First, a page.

Bhutanashana, Bhūtanāśana, Bhuta-nashana: 8 definitions

Introduction

Introduction:

Bhutanashana means something in Hinduism, Sanskrit. If you want to know the exact meaning, history, etymology or English translation of this term then check out the descriptions on this page. Add your comment or reference to a book if you want to contribute to this summary article.

The Sanskrit term Bhūtanāśana can be transliterated into English as Bhutanasana or Bhutanashana, using the IAST transliteration scheme (?).

In Hinduism

Ayurveda (science of life)

[«previous next»] — Bhutanashana in Ayurveda glossary
Source: Wisdom Library: Āyurveda and botany

Bhūtanāśana (भूतनाशन) is another name for Rājasarṣapa, which is a Sanskrit word referring to Brassica nigra (black mustard), from the Brassicaceae family. Certain plant parts of Rājasarṣapa are eaten as a vegetable (śāka), according to Caraka in his Carakasaṃhitā sūtrasthāna (chapter 27), a classical Ayurvedic work. The synonym was identified in the Rājanighaṇṭu (verse 16.121), which is a 13th century medicinal thesaurus.

Ayurveda book cover
context information

Āyurveda (आयुर्वेद, ayurveda) is a branch of Indian science dealing with medicine, herbalism, taxology, anatomy, surgery, alchemy and related topics. Traditional practice of Āyurveda in ancient India dates back to at least the first millenium BC. Literature is commonly written in Sanskrit using various poetic metres.

Discover the meaning of bhutanashana or bhutanasana in the context of Ayurveda from relevant books on Exotic India

Languages of India and abroad

Sanskrit dictionary

[«previous next»] — Bhutanashana in Sanskrit glossary
Source: DDSA: The practical Sanskrit-English dictionary

Bhūtanāśana (भूतनाशन).—

1) the marking-nut plant.

2) mustard.

3) pepper. (-nam) 1 Asa Fœtida.

2) a bead used for rosaries (rudrākṣa).

Derivable forms: bhūtanāśanaḥ (भूतनाशनः).

Bhūtanāśana is a Sanskrit compound consisting of the terms bhūta and nāśana (नाशन).

Source: Cologne Digital Sanskrit Dictionaries: Shabda-Sagara Sanskrit-English Dictionary

Bhūtanāśana (भूतनाशन).—m.

(-naḥ) 1. Marking-nut plant, (Semicarpus anacardium.) 2. mustard. n.

(-naṃ) The Elecarpus seed. E. bhūta a goblin, and nāśana dispelling.

Source: Cologne Digital Sanskrit Dictionaries: Benfey Sanskrit-English Dictionary

Bhūtanāśana (भूतनाशन).—I. m. 1. marking nut plant, Semicarpus anacardium. 2. mustard. Ii. n. the Eleocarpus seed.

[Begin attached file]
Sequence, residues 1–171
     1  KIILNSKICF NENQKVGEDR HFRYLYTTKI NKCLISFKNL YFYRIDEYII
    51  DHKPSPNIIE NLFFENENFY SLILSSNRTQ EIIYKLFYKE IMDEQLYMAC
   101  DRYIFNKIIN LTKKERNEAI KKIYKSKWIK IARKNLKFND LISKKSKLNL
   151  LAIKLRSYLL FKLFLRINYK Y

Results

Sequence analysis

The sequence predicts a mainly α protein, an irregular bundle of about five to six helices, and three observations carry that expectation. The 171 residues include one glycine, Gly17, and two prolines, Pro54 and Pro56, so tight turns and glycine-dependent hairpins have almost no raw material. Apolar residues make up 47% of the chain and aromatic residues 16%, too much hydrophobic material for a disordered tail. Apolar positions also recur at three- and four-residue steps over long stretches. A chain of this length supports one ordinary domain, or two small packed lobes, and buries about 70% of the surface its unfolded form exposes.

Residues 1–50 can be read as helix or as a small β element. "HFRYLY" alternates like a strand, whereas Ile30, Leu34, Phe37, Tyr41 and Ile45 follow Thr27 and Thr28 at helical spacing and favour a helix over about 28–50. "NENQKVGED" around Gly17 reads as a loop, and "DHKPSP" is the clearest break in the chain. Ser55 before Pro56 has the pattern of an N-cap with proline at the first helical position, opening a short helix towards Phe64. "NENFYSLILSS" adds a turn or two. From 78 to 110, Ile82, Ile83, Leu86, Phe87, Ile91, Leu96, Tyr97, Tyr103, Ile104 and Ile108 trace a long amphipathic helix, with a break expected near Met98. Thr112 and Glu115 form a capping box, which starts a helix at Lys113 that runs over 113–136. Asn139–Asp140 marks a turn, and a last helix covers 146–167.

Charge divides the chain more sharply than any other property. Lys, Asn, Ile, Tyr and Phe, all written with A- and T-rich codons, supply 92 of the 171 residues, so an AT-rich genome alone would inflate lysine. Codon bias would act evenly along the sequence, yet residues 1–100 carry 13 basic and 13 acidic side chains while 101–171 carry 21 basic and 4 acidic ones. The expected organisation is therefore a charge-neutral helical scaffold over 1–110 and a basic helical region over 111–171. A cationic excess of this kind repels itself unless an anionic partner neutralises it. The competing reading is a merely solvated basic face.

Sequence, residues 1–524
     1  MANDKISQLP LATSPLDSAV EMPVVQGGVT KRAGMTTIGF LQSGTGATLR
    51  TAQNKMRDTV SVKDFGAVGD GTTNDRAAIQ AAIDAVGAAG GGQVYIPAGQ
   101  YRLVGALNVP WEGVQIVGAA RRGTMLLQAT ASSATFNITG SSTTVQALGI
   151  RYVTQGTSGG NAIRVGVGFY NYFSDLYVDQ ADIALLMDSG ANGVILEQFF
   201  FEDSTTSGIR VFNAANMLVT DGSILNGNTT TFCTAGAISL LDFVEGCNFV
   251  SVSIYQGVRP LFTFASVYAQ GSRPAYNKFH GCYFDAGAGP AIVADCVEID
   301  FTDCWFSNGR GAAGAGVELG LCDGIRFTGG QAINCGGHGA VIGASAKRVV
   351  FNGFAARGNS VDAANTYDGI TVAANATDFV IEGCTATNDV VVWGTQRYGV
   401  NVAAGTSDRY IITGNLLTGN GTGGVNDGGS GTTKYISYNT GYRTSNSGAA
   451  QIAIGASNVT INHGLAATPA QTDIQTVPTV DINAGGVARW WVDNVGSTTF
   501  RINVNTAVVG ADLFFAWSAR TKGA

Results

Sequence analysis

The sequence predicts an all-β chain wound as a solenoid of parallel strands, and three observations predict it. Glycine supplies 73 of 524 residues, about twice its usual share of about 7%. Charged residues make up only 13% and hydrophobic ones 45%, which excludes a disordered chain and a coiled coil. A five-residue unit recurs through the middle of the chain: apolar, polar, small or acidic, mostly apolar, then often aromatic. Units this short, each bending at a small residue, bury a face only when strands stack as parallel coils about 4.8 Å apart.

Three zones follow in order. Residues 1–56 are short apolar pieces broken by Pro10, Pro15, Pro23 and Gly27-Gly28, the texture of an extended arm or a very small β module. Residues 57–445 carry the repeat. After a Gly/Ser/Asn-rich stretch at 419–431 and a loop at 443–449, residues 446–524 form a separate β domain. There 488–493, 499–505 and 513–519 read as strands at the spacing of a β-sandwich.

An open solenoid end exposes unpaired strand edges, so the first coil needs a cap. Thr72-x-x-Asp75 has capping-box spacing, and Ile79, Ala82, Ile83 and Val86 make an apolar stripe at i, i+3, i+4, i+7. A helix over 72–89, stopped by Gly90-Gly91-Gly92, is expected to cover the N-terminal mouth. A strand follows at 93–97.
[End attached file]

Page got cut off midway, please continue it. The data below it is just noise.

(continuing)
Bhūtanāśana is a Sanskrit compound consisting of the terms bhūta and nāśana (नाशन).

Source: Cologne Digital Sanskrit Dictionaries: Monier-Williams Sanskrit-English Dictionary

1) Bhūtanāśana (भूतनाशन):—[=bhūta-nāśana] [from bhūta > bhū] mfn. destroying evil beings

2) [v.s. ...] m. Semecarpus Anacardium, [cf. Lexicographers, esp. such as amarasiṃha, halāyudha, hemacandra, etc.]

3) [v.s. ...] pepper, [cf. Lexicographers, esp. such as amarasiṃha, halāyudha, hemacandra, etc.]

4) [v.s. ...] black mustard, [cf. Lexicographers, esp. such as amarasiṃha, halāyudha, hemacandra, etc.]

5) [v.s. ...] n. Asa Foetida, [cf. Lexicographers, esp. such as amarasiṃha, halāyudha, hemacandra, etc.]

6) [v.s. ...] the berry or seed of Elaeocarpus Ganitrus, [cf. Lexicographers, esp. such as amarasiṃha, halāyudha, hemacandra, etc.]

[Sanskrit to German] (Deutsch Wörterbuch)

Source: Cologne Digital Sanskrit Dictionaries: Böhtlingk and Roth Grosses Petersburger Wörterbuch

Bhūtanāśana (भूतनाशन):—[(bhūta + nā)]

1) adj. die Gespenster vernichtend.

2) m. a) Semecarpus Anacardium Lin. (s. bhallātaka) [Ratnamālā 68.] — b) Pfeffer [Rājanirghaṇṭa im Śabdakalpadruma] —

3) n. a) Asa foetida [Hemacandra’s Abhidhānacintāmaṇi 102.] [NIGH. Pr.] — b) die (zu Rosenkränzen verwandte) Beere von Elaeocarpus Ganitrus Roxb. [Rājanirghaṇṭa im Śabdakalpadruma]

context information

Sanskrit, also spelled संस्कृतम् (saṃskṛtam), is an ancient language of India commonly seen as the grandmother of the Indo-European language family (even English!). Closely allied with Prakrit and Pali, Sanskrit is more exhaustive in both grammar and terms and has the most extensive collection of literature in the world, greatly surpassing its sister-languages Greek and Latin.

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